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Truckers: Driving and sleep

Truck drivers have an important role in the United States. Whether making long treks across the country, or short trips within the state, trucks are one of the main ways goods move around the nation. In the trucking world, minutes and hours matter and a late delivery is to be avoided even if it takes a personal toll. This leads many truck drivers to drive for extended periods without sleep attempting to make their deadline. Such behavior is one of the main causes of accidents and deaths on U.S. highways.

Federal law regulates many aspects of trucker behavior, although states can and do have state and local rules and regulations regarding the truck drivers. One of the most debated and violated federal regulations is the timing and amount of sleep truckers must have before taking to the roads.

Driver fatigue is the leading cause of accidents and death on U.S. highways. With over 30,000 annual deaths on U.S. highways, keeping truck drivers awake and alert is a monumental concern. To this end, the Department of Transportation enacted various rules and regulations governing when a trucker can drive and for how long. Truck drivers are limited to a maximum work week of 70 hours, and are legally required to take a 34 hour break if they reach their maximum. Truckers are only allowed to drive 11 hours a day during any 14 hour period.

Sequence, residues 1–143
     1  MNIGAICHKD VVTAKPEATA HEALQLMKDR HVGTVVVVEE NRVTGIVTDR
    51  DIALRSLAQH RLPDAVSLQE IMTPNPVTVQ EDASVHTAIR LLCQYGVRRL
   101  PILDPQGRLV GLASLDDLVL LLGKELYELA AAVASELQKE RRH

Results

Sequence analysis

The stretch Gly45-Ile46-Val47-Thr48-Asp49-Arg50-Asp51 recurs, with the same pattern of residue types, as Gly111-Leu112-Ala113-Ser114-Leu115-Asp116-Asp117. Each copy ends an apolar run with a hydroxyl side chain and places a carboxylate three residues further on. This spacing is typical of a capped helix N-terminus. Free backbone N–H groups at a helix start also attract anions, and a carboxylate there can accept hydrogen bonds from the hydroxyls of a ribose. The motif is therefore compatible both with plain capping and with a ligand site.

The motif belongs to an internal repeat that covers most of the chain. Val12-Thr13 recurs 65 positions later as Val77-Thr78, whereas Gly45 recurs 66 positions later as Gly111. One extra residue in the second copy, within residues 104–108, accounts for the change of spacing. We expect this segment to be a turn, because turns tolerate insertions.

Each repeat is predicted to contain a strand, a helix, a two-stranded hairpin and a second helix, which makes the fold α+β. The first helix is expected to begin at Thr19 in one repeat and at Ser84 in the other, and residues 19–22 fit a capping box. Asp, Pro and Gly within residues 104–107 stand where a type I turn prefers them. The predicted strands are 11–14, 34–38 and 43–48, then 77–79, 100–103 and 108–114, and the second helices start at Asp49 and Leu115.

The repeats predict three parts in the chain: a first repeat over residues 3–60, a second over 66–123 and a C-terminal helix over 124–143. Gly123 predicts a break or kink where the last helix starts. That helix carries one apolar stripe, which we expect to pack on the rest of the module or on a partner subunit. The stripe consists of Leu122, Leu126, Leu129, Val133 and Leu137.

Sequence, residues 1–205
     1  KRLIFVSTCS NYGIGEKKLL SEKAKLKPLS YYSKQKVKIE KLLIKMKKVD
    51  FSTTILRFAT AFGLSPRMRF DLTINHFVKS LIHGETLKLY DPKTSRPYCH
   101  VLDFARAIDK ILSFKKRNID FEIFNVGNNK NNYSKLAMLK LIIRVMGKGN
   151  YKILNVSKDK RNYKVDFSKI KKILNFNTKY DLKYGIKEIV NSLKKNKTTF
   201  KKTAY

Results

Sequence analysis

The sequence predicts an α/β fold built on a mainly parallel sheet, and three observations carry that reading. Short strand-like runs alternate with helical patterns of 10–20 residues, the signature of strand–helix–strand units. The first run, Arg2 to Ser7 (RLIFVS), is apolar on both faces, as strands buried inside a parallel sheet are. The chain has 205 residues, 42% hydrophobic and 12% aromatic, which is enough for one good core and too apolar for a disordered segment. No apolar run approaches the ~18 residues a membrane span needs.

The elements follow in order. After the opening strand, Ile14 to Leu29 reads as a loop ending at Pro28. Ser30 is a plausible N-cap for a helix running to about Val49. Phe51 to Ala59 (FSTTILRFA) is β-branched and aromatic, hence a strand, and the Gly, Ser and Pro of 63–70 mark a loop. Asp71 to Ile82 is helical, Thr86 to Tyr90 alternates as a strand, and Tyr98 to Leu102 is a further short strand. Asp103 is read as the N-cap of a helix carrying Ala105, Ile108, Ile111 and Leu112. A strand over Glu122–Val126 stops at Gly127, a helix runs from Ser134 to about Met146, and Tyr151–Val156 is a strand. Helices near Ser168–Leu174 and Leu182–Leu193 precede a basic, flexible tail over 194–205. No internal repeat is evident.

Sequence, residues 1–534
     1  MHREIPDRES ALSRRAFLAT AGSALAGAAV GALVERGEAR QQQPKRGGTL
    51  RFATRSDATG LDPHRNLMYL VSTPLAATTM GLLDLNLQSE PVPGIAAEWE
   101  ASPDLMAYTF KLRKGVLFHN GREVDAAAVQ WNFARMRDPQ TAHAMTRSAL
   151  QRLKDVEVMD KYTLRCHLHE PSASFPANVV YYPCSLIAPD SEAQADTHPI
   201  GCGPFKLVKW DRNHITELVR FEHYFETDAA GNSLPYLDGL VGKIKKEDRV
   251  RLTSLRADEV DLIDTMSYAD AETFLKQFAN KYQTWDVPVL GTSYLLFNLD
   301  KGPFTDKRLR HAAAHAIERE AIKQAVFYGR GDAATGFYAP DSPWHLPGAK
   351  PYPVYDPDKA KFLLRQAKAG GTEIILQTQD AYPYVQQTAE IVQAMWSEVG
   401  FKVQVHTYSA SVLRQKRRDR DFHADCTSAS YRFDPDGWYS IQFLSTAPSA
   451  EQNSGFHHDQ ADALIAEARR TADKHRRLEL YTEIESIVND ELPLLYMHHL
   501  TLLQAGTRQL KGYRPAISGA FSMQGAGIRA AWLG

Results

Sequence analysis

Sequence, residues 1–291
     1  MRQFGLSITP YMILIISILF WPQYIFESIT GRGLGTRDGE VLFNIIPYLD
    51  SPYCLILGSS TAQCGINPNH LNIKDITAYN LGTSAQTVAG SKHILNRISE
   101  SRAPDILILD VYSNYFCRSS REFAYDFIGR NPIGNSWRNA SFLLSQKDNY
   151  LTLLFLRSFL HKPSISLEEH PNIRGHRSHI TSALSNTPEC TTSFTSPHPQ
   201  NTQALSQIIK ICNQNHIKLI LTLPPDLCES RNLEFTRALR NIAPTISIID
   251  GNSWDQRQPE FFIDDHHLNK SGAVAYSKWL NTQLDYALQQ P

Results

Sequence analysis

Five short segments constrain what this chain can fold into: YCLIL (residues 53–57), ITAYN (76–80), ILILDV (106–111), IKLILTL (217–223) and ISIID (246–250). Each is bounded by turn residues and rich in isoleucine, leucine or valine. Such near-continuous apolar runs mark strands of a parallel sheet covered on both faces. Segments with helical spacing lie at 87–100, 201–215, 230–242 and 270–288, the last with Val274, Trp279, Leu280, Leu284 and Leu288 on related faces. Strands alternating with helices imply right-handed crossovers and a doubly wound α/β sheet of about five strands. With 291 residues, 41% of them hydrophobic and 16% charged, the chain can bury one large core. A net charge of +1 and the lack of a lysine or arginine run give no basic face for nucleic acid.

Violating the rules can lead to fines and even criminal action if the driver injured or killed another. But keeping track of drivers is difficult, as paper logs can be altered, and most people seek to avoid liability for their actions. While federal regulators are pondering imposing rules requiring electronic monitoring of truckers, the outcome of highly publicized cases such as the truck accident involving comedian Tracey Morgan may prompt swifter action.

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